How Can We Pray for a Killer?

This question has been asked to me time and time again, in the wake of the unspeakable tragedy which occurred in Connecticut, this week.

shmEverywhere, tears are being shed for the families and friends of the precious, darling children, whose lives were mercilessly taken from them in a matter of seconds. The teachers, aids, and other adults who tried their best to defend the little ones are true heroes, martyrs...saints. We cry for them, too.

As soon as my eyes open in the morning, my very first thoughts are those children and their mothers. Women, who must continue to put both feet on the floor and wade through the "everyday" tasks, duties, and relationships that await them. I pray for their strength and comfort.

All we think, say, and do is being offered for those who were left behind to mourn and grieve.

I also pray for Adam Lanza; the killer.

I have heard of newscasters who have publicly stated that they refuse to even mention his name because he does "not deserve it".

I have heard others say that this young man was "pure evil" and will "burn in hell".

How can I pray for him?

I pray for him because, like me, God knew him before he was knit in his mother's womb.
I pray for him because, like me, he was created in the image and likeness of God.
I pray for him because Jesus agonized over his soul, just as He did for mine, in the Garden of Gethsemane.
I pray for him because it is only through prayer and grace and mercy that his stone-cold, hate-filled, evil-doing heart will have even the remotest chance of repenting and turning to Jesus with contrition.

It's difficult, during times like these, to remember that God loves all people; the killers as well as the victims.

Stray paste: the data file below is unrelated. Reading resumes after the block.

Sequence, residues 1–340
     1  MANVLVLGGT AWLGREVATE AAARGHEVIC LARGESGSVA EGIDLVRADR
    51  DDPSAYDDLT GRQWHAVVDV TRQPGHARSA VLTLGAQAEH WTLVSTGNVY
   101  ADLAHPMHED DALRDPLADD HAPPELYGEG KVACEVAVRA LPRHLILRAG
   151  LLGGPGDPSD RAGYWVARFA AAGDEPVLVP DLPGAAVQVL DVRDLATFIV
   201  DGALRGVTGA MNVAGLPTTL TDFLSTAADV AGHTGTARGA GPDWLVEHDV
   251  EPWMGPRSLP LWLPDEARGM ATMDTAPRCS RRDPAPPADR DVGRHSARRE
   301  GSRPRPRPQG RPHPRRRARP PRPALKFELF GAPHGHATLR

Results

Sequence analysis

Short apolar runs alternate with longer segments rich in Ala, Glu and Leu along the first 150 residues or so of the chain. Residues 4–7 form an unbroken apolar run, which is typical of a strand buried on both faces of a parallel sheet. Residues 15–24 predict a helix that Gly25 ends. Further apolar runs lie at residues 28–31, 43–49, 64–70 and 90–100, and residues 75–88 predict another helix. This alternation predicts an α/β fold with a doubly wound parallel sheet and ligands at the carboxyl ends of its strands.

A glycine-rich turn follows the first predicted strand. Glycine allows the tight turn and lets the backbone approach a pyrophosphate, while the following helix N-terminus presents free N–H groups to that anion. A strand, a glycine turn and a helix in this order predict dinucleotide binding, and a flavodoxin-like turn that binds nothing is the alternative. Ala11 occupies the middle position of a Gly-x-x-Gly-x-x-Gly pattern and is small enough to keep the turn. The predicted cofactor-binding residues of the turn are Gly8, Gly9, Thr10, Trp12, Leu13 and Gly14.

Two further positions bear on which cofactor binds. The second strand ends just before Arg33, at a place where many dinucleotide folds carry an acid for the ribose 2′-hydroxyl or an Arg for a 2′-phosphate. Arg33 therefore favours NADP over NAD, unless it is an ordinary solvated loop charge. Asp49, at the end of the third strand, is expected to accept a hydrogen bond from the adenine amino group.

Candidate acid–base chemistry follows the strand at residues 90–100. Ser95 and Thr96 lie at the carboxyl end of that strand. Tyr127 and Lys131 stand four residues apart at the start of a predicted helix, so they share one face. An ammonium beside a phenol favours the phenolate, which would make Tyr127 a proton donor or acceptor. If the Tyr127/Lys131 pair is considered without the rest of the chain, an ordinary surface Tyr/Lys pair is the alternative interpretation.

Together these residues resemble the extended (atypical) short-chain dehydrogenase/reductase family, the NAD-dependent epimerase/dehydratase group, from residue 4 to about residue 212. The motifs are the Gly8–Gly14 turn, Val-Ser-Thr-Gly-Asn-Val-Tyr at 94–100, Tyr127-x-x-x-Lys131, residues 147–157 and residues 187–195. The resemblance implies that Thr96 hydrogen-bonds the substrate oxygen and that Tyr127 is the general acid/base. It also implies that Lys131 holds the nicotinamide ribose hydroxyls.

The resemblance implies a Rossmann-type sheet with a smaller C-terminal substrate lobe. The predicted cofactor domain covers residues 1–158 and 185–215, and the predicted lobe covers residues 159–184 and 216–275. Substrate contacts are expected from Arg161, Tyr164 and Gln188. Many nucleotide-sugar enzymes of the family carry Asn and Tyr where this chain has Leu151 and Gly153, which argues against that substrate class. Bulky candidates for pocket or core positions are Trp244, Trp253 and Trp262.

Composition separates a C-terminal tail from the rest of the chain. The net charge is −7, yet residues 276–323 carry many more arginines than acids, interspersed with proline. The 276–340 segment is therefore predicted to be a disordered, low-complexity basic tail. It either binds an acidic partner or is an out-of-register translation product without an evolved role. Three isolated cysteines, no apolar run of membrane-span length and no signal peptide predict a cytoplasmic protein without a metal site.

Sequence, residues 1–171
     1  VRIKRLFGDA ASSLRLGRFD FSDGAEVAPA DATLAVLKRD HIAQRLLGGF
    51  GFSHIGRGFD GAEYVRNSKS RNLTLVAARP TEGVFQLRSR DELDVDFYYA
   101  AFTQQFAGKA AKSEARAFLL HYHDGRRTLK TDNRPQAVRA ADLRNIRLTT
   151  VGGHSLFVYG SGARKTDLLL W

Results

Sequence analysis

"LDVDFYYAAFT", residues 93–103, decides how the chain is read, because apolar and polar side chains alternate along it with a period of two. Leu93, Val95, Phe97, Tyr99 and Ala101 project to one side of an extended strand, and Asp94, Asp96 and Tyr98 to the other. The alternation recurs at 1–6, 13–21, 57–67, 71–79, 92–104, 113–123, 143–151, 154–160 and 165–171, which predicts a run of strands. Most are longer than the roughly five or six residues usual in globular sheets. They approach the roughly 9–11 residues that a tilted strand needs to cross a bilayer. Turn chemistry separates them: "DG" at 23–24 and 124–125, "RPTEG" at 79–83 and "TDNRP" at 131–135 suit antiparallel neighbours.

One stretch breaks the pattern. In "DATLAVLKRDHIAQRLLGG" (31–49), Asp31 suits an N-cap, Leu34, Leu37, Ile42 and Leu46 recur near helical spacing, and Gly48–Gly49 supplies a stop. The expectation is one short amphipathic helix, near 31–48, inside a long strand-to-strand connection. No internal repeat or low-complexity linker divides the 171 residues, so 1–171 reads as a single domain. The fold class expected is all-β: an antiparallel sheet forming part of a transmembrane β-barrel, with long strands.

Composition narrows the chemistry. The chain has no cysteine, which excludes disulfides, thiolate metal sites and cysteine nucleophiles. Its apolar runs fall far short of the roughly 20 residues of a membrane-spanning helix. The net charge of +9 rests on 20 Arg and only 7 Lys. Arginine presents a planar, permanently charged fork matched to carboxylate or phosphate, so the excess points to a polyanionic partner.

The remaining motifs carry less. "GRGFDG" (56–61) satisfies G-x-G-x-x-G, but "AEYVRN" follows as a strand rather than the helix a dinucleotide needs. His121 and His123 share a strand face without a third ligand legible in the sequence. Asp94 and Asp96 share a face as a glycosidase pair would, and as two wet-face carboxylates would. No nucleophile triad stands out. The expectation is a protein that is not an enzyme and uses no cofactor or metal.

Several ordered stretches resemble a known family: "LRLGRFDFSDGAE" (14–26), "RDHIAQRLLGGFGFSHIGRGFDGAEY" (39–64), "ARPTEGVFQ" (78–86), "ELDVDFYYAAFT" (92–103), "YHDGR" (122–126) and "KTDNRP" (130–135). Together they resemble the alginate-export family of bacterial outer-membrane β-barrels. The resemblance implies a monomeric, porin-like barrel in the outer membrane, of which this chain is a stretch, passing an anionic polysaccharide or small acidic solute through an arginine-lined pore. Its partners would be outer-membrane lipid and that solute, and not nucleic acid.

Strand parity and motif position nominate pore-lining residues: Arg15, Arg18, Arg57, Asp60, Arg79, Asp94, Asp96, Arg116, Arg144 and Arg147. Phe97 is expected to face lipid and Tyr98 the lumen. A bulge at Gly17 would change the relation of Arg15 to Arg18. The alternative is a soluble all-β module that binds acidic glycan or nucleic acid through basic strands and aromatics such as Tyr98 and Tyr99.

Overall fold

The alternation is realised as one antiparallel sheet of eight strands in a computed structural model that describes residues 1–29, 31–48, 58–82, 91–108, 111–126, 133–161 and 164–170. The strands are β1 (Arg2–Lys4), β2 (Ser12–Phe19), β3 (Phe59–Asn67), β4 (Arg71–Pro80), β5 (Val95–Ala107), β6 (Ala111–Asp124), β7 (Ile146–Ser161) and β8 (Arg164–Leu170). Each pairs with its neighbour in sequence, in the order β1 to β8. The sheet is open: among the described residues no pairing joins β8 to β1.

We know that those sweet children are resting in the arms of their loving Savior. We know that the heroes who laid down their lives attempting to save the babies are also with God.

This is why I pray for the one who committed these heinous acts. His is a soul, in danger of being lost.
He is the one who has wandered, while the other 99 have remained...the one that Jesus goes after...the one He came to save.

I have a five year old son, a seven year old daughter, and an eight year old daughter; children, the same ages as those in the school where these murders took place. I also have a 22 year old son; close to the age of Adam Lanza. I can not fathom my son doing such a horrible thing. But, if he did, I would like to think that somewhere, someone would pray for his soul...would pray that he would repent, show remorse, and beg Jesus for forgiveness and mercy.

Is there any soul on earth that is not worth praying for...or, that doesn't "deserve it".

If truth be told, we all "deserve" final damnation for our sins...just like the Hitler, Dommer, Gasey, and now...Lanza.

Justice belongs to God and justice there will be...for every sin that every person has ever committed.
Jesus Christ came into this world, suffered, died, and rose again that the gates of heaven might be opened for all who will accept Him and repent.

We have no way of knowing what is in a person's heart or what they felt at their moment of death when they came face-to-face with Their Final Judge.

As people of Christ, and children of God, we can and should pray for one another.

Many who recite the rosary often add the "St. Michael" prayer between decades; a prayer given by the Archangel to the children of Fatima:

Oh my Jesus, forgive us our sins and save us from the fires of hell.
Lead all souls to heaven; especially those who have most need of thy mercy.

It seems to me that people such as the one who took the lives of so many innocent children and those who tried to protect them...would be someone "most in need" of Christ's mercy.

I will not excuse his actions. I will not blame a system, a parent, a condition, or a society.
I will not exchange hate for hate and revenge for senseless killing. I will follow the beautiful example of one of the parents whose child was murdered...she said, "We will not hate".

Instead...I will pray for him.

Copyright 2012 Judy Dudich